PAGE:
5 thoughts on “WebJay closing in June

  1. Tim Danner

    I’m not familiar with WebJay, but any internet radio-like service closing in June makes me think of the new SoundExchange royalty rates. They are much, much higher than the old rates and are also retroactive to January 2006. My favorite net radio site, http://somafm.com/ will owe 300% of their revenues under the new system.

    http://savenetradio.org/ is the internet radio community’s effort to get the Internet Radio Equality Act passed. This law would overturn the new royalty rates and instead set them at 7.5% of revenue, the same as what satellite radio pays.

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  2. Jon Udell Post author

    “any internet radio-like service”

    WebJay isn’t, though. The purpose is (or I guess was) collaborative curation of links to music (and other stuff) that’s Creative-Commons-licensed, or otherwise understood to be free and legal.

    There is a large and growing amount of that kind of stuff. I don’t think that fact is very well understood, nor the consequent fact that there’s a really interesting role to be played by curators of that stuff. It’s true that WebJay certainly wasn’t getting the kind of traction I’d hoped that it would. I hope some service, some day, will, it’s an important and noble idea.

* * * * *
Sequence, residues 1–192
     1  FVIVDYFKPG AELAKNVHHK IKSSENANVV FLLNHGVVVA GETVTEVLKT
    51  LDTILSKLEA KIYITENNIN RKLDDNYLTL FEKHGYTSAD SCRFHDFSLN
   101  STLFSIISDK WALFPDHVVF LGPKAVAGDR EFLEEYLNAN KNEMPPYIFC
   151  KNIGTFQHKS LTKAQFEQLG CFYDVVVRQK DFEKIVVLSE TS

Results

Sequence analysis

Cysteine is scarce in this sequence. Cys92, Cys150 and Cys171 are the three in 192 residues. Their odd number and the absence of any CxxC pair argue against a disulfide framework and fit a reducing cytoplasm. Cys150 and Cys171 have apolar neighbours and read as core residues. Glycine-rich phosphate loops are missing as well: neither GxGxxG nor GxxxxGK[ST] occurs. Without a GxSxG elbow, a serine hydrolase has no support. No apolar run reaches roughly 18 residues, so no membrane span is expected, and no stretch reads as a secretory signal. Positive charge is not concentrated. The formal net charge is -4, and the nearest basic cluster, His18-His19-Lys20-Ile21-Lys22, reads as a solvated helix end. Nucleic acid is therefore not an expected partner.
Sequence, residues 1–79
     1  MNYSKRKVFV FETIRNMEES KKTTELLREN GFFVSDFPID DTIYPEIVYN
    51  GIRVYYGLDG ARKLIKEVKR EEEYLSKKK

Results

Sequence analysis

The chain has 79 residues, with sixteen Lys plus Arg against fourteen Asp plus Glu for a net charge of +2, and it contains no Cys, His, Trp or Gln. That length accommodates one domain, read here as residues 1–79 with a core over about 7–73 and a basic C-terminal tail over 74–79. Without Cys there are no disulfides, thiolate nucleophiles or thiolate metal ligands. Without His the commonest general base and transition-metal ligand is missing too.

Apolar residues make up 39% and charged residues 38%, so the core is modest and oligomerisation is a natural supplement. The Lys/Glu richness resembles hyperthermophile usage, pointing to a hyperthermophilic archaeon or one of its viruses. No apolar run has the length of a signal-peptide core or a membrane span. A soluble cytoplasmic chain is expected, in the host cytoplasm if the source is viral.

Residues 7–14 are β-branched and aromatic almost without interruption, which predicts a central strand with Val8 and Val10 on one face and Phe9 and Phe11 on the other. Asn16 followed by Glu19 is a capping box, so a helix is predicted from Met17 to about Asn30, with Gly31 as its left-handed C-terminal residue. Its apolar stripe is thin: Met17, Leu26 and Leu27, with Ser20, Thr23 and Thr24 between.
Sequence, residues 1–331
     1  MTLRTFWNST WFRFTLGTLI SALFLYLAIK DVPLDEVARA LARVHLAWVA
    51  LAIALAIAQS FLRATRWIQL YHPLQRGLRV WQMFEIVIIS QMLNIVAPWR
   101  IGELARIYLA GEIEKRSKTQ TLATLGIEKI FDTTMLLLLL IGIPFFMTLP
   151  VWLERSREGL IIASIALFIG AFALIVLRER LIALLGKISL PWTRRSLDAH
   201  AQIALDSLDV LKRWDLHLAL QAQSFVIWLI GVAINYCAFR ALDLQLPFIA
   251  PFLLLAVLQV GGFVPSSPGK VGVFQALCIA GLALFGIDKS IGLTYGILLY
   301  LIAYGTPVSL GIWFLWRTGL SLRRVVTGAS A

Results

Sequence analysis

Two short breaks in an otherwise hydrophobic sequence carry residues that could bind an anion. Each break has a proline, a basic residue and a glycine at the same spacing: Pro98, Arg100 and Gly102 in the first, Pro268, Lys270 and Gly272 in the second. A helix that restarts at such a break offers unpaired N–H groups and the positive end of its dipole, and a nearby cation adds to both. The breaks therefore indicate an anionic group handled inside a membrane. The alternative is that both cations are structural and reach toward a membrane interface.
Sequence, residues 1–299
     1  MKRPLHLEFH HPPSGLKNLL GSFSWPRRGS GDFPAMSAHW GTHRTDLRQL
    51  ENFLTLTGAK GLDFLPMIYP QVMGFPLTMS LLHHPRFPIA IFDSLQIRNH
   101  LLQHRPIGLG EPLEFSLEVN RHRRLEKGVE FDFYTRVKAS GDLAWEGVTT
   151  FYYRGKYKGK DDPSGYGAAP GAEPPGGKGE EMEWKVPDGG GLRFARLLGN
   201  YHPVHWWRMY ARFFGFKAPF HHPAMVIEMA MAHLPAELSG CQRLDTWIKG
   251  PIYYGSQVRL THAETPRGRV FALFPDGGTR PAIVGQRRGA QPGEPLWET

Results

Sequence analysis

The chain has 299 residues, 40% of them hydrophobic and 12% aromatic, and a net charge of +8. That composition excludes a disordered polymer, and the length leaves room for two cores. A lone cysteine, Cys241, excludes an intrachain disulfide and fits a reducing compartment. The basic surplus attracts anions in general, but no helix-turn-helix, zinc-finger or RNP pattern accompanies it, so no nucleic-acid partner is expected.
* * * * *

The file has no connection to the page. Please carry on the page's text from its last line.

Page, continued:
Meanwhile, another tip of my hat to Lucas Gonze for having and implementing the idea.

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  3. Eric Rizzo

    I would not be surprised if the RIAA has somehow managed to trap WebJay in their royalties net. The SoundExchagne rates for non-profit webcasters is a sham and the RIAA has proven to be predatory in their strive to hold on to their outdated business and distribution model.
    Read the info at savenetradio.org and write to your congressman if you value online music services of any kind. Is there any doubt the RIAA will try to dip their hands into everyone’s pockets if they have even the most remote of claims? Their track record speaks for itself.

    Reply
  4. Greg

    Another great option for playist import for stranded webjay users, if I may be so bold as to recommend a service I work on, is Grabb.it — an in-browser DHTML music player for online mp3s:

    http://grabb.it/pages/webjay

    All you’ve got to do is tell us your webjay login, and we’ll immediately import all of your playlists and give you the same tools for publishing them throughout the web, like the famous Fabricio Zuardi flash player, etc.

    It is definitely a shame to see webjay go. Whatever Yahoo’s got Lucas working on, really better be worth it…

    Reply

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